As we headed back the way we had come in search of seating, food and drink we came upon the end of the march, the police vans at the back just around the corner of St James Street on Pall Mall.  The time was 5.03pm.  We had indeed been marching for 5 hours.


Here we are, 3 weeks later, and we have celebrated not 1 but 2  no-Brexit days.  We hang on to our EU citizenship by the skin of our teeth, but it is still in grave danger.  The extension until the 31st October clearly means we will be taking part in the European Parliament Elections. 

We did an extraordinary job on March 23rd2019, we got our people to London at relatively short notice, we booked coaches, we organised, we publicised, we stood on our stalls and passed on our passion.  MPs seemed to take notice, and they did for a while, but they are drifting back to type now, and we cannot stop. 
Labour is still playing the “will they won’t they game”, Remain Tories are still in denial that they will suffer at the ballot box if they allow Brexit to continue and we now have a UKIP mark II to contend with, organised and ready to go which will terrify and tempt the big two into trying to grab on to their leave voters with extreme positions. 

If we want all we have done for 2 years including the March march to count at all, we must continue,  Its down to us.  We mobilised marchers and got well over 1 million people on the streets, quite possibly 1.5 million, we spread the revoke article 50 petition to 6 million people still rising.  We need to apply that passion and imagination to the EU elections.    

Looking at the polls today for the EP elections, our remain votes are split, and we may be in danger of not getting our favoured Remain MEPs in.  We cannot allow a result which our opponents can use to say there is a fresh Leave mandate.  We must focus our minds and our actions on how we are going to demonstrate our strength via the EU elections.  So, we must do  the following things.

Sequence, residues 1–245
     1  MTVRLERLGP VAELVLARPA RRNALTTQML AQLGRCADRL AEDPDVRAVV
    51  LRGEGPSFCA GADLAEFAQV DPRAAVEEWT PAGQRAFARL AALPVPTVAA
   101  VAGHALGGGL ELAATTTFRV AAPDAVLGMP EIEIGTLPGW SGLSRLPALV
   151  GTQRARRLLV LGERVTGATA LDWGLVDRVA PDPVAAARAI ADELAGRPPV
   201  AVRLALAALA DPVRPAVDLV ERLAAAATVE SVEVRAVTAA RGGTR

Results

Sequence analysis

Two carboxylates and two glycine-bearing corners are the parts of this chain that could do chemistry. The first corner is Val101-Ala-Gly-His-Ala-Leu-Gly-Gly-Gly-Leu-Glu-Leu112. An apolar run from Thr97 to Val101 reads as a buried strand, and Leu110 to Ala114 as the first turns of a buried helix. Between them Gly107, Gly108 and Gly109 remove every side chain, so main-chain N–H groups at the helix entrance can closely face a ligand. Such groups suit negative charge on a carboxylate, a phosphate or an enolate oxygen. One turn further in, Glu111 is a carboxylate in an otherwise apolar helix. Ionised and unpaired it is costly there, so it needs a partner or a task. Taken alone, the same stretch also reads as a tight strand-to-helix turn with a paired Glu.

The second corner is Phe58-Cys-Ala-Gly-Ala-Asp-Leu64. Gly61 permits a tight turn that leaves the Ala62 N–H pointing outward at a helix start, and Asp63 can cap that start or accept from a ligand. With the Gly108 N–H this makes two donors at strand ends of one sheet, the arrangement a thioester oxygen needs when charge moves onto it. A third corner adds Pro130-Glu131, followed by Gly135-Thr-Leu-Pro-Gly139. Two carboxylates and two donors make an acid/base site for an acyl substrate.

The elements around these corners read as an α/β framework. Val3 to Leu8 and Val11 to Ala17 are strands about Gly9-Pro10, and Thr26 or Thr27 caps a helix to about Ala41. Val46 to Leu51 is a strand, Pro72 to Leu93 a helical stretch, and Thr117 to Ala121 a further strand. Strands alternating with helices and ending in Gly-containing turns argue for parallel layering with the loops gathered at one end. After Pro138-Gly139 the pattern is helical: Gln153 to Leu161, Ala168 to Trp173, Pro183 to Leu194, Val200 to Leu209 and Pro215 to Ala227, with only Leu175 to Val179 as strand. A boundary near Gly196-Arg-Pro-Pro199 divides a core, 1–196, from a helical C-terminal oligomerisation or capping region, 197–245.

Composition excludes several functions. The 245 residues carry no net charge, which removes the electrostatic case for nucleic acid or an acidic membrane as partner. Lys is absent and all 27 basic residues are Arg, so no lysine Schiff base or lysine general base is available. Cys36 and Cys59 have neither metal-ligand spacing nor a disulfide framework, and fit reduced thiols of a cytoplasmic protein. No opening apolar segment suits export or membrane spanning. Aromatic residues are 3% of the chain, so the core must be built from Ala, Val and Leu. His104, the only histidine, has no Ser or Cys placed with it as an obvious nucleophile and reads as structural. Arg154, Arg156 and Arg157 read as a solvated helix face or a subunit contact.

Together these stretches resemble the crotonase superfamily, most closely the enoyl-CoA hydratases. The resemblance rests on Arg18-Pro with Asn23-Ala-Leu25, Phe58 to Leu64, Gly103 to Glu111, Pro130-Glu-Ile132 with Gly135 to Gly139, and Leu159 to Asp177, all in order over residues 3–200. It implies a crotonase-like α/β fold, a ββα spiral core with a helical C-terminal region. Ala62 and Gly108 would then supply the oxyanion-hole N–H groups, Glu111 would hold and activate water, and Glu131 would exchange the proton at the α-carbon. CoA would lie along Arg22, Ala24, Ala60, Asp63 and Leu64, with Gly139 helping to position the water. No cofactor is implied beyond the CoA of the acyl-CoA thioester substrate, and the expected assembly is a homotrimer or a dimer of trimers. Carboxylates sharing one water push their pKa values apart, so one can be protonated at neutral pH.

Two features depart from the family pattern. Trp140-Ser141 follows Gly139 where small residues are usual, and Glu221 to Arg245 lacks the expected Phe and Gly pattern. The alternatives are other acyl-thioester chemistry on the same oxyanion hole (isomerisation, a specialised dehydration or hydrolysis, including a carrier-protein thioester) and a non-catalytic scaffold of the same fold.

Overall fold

1. Contact our local remain oriented parties and demand they have an alliance and  joint strategy to maximise the remain vote.  New parties sound great but for our strategic purposes they could be our downfall.  The voting system in these elections still favours big parties.    

2. Labour members you must somehow get your manifesto to be transparently a remain platform.  If you do not do that, you leave labour voters vulnerable to being counted as supporting a Brexit supporting party.
3. We desperately need our best minds and EU experts to help us work out a strategic voting system to achieve our aims.   I have linked below to one I saw today but I suspect we will need several other well-informed voices so we can make our minds up which way to go. 

4.  THE MOST IMPORTANT THING WE CAN DO.    We must get our remain vote out. Us, our friends, our families, our workmates, our young voters, our EU27 citizens who have a vote and a vested interest.  This must happen, no ifs, no buts and we must pour our campaigning energies into this aim. 
We have come so far my friends, its good to stop for a moment and look at what we have achieved, but we still have a long way to go.  I won’t stop yet.  Will you?

2 thoughts on “The March in March and What’s Next.”

  1. Good resume of the last few weeks. The storm has eased, our captain nearly crashed our ship, but we, the crew, used our heads,kept spirits up, worked together, braved the high seas, and tacked on time, and here we are looking to return to our safe harbour, the EU.